A social mindset in Washington goes well beyond the Twitter accounts of our elected officials. Most of our congressional and executive leadership in Washington use social tools to reflect their positions. My perception is these social tools are used for a monologue, not a dialogue. This is not a social mindset. To connect to your customers -- your constituents, employees, colleagues, suppliers, etc. -- you need to have a social mindset that allows for transparency, accountability, and trust. Too much that is done in Washington is for self-interested goals. A social mindset has the best interests of all parties in mind. Win-win is always a path to the best long-term solution. No solution is perfect; therefore collaboration and compromise are the tools used for successful completion of any endeavor where multiple interests are being considered.

Today we are faced with gridlock conditions that exist in our businesses and our country -- an example of this is the fiscal cliff. The fiscal cliff has the potential to derail any hints of economic recovery and throw the U.S. back into recession. The impacts of sequestration budget cuts to entitlements, defense and general government spending increases, and the tax increases across the board will impact almost all Americans. Only through collaboration can we successfully tackle such enormously difficult challenges. According to a recent NBC News/Wall Street Journal Poll, Americans overwhelming want Congress and the president to come to a compromise.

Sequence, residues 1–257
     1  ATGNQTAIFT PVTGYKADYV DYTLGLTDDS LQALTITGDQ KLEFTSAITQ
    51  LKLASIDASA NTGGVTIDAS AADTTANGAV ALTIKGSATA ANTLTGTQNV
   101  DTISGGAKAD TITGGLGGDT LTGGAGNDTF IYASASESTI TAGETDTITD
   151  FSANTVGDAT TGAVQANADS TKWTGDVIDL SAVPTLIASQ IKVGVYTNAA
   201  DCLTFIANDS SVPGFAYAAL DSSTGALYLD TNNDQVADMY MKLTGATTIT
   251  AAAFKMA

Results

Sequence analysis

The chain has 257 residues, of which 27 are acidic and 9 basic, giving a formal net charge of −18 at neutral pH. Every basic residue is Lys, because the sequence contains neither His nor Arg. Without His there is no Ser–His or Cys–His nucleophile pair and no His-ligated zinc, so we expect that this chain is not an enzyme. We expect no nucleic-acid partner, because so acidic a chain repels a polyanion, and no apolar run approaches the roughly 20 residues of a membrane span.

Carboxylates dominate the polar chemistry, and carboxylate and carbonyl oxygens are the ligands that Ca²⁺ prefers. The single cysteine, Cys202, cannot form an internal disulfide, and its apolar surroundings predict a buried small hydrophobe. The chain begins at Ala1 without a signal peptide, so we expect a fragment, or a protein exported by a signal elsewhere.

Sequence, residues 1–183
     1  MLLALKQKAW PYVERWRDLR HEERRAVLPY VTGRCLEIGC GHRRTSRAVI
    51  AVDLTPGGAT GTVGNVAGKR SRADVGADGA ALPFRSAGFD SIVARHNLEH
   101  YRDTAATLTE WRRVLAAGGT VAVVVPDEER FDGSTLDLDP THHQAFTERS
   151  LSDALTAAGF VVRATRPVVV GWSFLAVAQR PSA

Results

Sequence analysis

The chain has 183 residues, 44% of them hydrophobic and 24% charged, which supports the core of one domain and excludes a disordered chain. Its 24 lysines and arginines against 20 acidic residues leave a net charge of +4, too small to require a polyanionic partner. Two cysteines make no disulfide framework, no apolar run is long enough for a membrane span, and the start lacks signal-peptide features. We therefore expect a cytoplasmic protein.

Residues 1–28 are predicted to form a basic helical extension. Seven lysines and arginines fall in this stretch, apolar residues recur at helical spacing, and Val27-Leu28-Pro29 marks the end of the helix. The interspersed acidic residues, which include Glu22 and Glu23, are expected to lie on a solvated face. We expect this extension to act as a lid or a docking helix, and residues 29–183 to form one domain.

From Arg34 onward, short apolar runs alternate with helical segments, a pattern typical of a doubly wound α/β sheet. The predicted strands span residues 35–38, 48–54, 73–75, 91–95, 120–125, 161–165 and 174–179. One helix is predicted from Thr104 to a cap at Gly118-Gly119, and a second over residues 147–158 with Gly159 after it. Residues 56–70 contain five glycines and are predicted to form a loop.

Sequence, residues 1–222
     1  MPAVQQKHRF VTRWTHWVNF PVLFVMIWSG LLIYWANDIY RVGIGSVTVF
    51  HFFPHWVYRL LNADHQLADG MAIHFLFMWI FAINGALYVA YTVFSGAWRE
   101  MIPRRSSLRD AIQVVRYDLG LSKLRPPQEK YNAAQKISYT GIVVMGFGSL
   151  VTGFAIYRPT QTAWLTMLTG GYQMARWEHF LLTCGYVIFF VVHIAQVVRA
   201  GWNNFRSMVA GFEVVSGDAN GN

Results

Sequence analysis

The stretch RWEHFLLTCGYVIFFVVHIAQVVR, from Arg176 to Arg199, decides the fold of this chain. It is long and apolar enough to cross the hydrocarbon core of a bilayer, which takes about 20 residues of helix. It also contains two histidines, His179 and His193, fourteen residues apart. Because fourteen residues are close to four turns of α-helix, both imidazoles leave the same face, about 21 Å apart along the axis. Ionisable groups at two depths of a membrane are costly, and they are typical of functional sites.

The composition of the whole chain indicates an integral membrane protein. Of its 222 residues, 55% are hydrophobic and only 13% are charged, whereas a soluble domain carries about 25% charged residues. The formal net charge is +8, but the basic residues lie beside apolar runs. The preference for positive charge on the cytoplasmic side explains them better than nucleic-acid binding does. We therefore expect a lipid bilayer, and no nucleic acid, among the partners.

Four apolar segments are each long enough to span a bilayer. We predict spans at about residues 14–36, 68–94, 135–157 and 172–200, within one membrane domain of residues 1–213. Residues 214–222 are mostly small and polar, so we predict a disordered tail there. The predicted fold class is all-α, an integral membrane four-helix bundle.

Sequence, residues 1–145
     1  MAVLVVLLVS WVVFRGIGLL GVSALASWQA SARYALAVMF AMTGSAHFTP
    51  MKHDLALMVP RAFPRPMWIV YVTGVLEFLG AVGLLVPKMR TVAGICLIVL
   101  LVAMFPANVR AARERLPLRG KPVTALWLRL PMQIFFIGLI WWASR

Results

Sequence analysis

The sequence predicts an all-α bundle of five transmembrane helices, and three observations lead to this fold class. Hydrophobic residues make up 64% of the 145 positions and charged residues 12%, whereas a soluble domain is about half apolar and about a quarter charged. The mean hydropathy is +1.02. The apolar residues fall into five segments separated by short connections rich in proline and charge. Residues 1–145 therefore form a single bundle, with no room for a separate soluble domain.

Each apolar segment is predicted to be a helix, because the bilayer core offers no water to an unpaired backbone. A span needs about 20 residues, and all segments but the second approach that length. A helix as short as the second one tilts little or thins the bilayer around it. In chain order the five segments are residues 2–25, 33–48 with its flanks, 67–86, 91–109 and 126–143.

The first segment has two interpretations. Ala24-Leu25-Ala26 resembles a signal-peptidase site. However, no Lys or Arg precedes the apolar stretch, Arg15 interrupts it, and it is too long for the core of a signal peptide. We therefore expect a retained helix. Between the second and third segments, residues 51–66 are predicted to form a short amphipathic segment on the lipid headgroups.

This desire to seek compromise is part of the social mindset which is transforming today's business. Achieving compromise in difficult circumstances, with mutual benefits, is a sign of strength, not weakness. Successful businesses employ leaders who see the benefits of a social mindset. Social executives understand that these principles are the path to forward progress. We all have a desire to see this common sense approach in the DNA of our political landscape and the guiding principles of our national elected leaders.

Collaboration is one of the most important attributes of any leader. What type of people are the most collaborative? An interesting statement was made recently by some of our women congressional leaders. Senator Suzanne Collins (R-Maine) told ABC's Diane Sawyer that "I think if we [women] were in charge of the Senate and of the administration, we would have a budget deal by now. With all deference to our male colleagues, women's styles tend to be more collaborative."